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Posts Tagged ‘yarnarchy’

Normally I consider myself to be an early riser. I am, in fact, the only early riser in my household.  I like to be in bed around 10:30, and wake around 6:30.  However, even though I am a native Washingtonian (such a rare breed these days), November is a difficult month for me.  I am fat and sleepy.  I’ve been a vegan for over a decade and I know that many people think that we are all emaciated anemics, but those types clearly don’t have my awesome inherited metabolism which hoards every calorie, like a greedy dragon sitting on a big, round, bulging pile of jewels.  I have been on enough diets to know that I can’t lose anything unless I’m eating 1000 calories or less per day (15-20 points on the ol’ weight watchers system) which I am clearly not doing, but dang it! I’m hungry! It is cold outside and I just want to eat soup and bread all day. Even when the bread is gluten free, and I’m topping it with Earth’s Balance organic vegan margarine, and even when the soup is basically fat free…somehow I’m still managing to round up.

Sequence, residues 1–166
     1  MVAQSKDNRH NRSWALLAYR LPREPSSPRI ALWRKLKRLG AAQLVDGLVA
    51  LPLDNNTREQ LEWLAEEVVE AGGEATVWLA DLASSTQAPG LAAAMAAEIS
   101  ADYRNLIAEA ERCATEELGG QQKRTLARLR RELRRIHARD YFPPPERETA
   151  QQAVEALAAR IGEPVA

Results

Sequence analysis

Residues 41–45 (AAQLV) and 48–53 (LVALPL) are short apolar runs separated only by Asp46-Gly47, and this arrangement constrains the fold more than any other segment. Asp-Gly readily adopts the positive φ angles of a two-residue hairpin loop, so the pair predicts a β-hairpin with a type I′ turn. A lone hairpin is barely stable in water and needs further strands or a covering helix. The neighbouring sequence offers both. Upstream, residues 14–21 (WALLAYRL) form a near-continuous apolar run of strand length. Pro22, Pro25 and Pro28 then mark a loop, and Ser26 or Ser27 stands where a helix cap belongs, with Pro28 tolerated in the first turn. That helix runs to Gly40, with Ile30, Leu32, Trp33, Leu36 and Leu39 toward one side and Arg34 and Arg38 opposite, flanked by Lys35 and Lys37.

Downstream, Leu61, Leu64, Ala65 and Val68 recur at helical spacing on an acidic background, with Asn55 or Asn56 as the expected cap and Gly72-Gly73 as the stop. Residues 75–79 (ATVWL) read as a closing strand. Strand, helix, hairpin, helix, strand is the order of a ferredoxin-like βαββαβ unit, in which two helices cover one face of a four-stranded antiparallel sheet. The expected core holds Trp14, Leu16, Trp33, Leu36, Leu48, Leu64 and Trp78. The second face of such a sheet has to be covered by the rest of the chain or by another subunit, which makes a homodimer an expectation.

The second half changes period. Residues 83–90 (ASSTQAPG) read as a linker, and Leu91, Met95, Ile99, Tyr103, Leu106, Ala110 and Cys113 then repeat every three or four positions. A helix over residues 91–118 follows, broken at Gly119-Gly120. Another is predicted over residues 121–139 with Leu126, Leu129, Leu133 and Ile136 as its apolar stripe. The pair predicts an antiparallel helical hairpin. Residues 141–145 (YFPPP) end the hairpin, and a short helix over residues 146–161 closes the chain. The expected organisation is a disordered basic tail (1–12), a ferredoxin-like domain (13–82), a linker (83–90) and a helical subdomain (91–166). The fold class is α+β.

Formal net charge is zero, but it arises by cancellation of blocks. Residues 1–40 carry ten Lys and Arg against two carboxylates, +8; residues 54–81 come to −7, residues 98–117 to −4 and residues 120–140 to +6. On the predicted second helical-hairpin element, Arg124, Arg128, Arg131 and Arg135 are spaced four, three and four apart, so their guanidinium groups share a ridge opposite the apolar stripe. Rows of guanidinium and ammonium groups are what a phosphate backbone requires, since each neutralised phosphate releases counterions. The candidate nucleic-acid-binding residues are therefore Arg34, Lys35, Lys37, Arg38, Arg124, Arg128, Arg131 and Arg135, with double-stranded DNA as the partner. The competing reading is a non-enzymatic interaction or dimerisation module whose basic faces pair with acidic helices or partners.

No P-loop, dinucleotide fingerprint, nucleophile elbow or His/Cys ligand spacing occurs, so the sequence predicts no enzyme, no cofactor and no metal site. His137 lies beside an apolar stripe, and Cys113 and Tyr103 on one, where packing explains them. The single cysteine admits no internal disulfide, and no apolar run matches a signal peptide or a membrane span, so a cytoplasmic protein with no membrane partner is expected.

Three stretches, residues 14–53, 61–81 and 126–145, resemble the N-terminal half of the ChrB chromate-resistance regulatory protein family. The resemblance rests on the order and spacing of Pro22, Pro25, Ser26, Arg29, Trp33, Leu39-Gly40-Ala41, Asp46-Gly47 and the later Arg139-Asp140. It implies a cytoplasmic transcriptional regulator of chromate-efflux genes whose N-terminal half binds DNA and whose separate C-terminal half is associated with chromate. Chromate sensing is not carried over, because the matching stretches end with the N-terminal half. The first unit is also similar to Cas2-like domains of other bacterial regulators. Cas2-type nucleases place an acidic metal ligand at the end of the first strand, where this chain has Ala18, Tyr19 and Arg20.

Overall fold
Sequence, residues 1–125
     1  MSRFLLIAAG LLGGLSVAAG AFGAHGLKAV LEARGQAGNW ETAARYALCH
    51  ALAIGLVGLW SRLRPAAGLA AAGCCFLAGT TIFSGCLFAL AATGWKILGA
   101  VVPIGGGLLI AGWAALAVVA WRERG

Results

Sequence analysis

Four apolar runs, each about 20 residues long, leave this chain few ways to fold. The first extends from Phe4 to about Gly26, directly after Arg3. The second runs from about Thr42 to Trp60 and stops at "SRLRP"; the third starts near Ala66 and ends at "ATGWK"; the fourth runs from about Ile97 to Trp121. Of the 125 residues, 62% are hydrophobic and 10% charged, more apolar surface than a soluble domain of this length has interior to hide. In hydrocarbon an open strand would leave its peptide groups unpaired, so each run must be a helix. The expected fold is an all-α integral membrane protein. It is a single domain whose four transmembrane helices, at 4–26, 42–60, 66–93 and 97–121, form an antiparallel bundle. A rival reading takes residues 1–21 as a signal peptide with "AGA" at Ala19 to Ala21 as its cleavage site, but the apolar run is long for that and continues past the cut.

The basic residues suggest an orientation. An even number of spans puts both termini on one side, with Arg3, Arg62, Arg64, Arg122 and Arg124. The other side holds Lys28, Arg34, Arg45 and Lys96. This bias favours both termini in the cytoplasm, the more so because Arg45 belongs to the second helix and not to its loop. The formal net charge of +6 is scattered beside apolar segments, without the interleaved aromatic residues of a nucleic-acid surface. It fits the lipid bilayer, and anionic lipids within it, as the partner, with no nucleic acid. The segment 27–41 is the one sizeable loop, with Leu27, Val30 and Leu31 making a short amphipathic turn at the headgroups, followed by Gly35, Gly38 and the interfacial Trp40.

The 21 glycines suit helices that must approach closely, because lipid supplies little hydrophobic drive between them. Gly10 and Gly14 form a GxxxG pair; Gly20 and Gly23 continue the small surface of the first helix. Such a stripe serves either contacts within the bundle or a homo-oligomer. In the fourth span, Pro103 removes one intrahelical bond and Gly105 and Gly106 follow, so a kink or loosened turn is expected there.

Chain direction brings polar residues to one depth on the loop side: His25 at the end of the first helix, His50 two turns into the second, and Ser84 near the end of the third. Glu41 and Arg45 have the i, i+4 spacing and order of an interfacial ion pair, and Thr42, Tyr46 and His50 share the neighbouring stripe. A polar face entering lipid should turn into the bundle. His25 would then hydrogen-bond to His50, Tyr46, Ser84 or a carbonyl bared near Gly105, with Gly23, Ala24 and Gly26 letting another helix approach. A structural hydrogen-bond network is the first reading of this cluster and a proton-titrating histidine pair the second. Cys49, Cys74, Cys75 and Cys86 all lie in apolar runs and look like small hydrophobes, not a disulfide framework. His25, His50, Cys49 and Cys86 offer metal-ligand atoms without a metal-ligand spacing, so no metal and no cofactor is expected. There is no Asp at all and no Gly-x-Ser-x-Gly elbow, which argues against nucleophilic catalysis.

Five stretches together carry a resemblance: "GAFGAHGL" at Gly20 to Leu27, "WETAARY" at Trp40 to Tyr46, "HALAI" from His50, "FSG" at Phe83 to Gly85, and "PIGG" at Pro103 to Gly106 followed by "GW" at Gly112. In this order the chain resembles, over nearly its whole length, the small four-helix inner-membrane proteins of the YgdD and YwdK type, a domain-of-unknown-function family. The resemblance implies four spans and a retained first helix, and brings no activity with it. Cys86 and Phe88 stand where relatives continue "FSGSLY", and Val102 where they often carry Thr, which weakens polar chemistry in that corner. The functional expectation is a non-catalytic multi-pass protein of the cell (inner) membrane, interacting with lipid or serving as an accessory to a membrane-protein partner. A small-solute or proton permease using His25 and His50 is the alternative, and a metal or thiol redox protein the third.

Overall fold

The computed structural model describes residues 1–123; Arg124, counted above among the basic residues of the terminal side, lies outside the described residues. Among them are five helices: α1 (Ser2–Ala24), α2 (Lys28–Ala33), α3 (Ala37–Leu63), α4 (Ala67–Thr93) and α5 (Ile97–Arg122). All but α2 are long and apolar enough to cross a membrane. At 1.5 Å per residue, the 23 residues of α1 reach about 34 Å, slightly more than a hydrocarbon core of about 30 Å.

But let me tell you….when the system collapses, my people will still be healthy while my husband’s tribe, the 5000+ calorie a day type, perish within weeks.  My people are savers.

So I’m hungry, and I’m tired.  I am dragging myself out of bed at 8:30, which wouldn’t be so bad except that I WENT TO BED AT 7:30.  Seriously.  It is just so darn dreary in November.

A few years back, we had some visitors who were thinking of moving to our farm.  One was originally from Israel, and the other from California.  They asked me “Some friends told us that you can’t see the sun here for months at a time, is it true?”  I sputtered and told them of course we could see the sun!  I didn’t know where their friends got the information but they were clearly misinformed.  A few overcast days later, it occurred to me that I was thinking of northern Alaska weather, with their months of darkness.  I asked the visitors “Do you mean can we see the actual sun?  Like actually the orb in the sky, not just the light from it?  Oh. No, we totally can’t see that.”  We get about 97 inches of rainfall per year in my little microclimate, and about 1/6 of that (12+ inches) happens in November.  Although Seattle is behind several other major US cities in terms of rainfall…we are hours from the city and it’s a heck of a lot wetter in this neck of the woods.